I'm sorry to say that there are no pictures of the steer and heifer we have out in the front pasture. I'm not going out there to try it. Its just too windy. I do hope you enjoy what I've managed to photograph and get on here...
And for now, I'm off to get dinner on the move (it may only be 1pm, but I've got to plan ahead). Hopefully you are having a nice warm snuggly day where you are (mercy, typing that makes me want to go crawl back under the covers and take a nap!).

Lions and tigers and bears, oh my!

These five 'darlings' scare the heck out of #3. Send her running, screaming in terror. Of course, they give chase, which reinforces it. And, to top things off, she's just the right height for them to think she's someone that they can take down. Last year, she got caught between an irate rooster and an irate gander. The one jumping at her and the other hissing and grabbing at her and twisting. Needless to say, she is not the family 'goose girl'. We got the first two right off last spring, and named them (properly) Percy and Abigail (for a while, we thought it was Amelia and Abigail, like the Gander sisters in The Aristocats...then it became obvious we had a romantic couple on our hands). They are very British, being Embdens. They have a tendency to look down on we colonists. But they tolerate us (except for #3) and they have learned that when I come out in the evening, they had best high-tail it to the coop. The other three, we got a month or so later, so while there is not so much age disparity, there definitely was already an Alpha male and female on the premises, so the newbies took second place. Percy has an occasional 'fling' with Penelope, but Cyril and Adelicia seem content to just be Beta Male and Female...and put up with Percy and his attitude.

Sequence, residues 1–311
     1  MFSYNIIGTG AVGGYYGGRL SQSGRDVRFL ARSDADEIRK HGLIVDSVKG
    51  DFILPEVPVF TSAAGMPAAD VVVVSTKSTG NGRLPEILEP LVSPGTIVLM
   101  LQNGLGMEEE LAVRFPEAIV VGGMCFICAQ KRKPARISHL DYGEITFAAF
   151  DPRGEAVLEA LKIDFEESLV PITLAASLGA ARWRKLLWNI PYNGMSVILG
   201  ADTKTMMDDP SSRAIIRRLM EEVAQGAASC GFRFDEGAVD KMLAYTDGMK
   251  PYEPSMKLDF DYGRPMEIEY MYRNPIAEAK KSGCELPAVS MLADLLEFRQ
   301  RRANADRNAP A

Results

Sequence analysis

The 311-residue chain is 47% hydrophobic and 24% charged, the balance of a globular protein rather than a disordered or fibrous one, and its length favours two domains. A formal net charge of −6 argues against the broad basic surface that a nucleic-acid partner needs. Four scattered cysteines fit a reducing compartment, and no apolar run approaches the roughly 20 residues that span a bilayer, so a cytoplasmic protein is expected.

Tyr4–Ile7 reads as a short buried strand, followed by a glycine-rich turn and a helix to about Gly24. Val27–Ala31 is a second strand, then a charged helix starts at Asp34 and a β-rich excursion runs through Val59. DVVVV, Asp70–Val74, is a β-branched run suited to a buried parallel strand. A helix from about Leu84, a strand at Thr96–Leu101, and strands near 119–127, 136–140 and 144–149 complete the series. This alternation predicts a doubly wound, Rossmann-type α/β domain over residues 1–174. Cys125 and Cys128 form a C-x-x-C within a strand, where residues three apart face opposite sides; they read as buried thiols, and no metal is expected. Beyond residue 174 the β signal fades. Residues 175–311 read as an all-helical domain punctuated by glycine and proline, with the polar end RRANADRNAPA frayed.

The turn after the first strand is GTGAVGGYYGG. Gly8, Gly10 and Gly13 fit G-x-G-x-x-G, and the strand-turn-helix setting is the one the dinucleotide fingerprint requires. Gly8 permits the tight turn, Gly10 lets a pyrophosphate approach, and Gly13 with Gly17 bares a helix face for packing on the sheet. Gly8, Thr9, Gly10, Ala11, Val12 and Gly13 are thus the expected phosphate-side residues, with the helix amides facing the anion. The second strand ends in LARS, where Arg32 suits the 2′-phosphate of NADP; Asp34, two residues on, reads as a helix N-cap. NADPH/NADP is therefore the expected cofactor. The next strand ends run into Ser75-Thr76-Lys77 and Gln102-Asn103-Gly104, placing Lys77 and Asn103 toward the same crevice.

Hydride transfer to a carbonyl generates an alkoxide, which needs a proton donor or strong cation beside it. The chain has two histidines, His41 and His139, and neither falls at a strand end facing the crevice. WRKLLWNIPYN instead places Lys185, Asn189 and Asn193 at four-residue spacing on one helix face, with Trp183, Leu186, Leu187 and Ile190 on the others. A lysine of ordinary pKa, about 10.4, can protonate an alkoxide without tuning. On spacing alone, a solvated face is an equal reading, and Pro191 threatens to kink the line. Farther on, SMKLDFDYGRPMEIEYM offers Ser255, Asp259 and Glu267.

This little lady, is Tuck. Originally, we had Tuck, Lenny, and Ming Ming (can anyone say "The Wonderpets"?). Unfortunately, Lenny got hauled off by a coyote, and MingMing (who turned out to be male) committed suicide by minivan--was clear of the van, and then turned and ran right underneath it when I was leaving home one day this spring. Very difficult. But Tuck bravely manages to waddle on through life, without him. She's a Khaki Campbell, and is, as KCs are, a great egg layer, but a horrrrribbble mother. Goodness, she just waddles around the yard leaving her eggs...where-ever! I'm glad of the times I can find them in the coop, simply so it isn't a guessing game as to where she has dropped them off this time!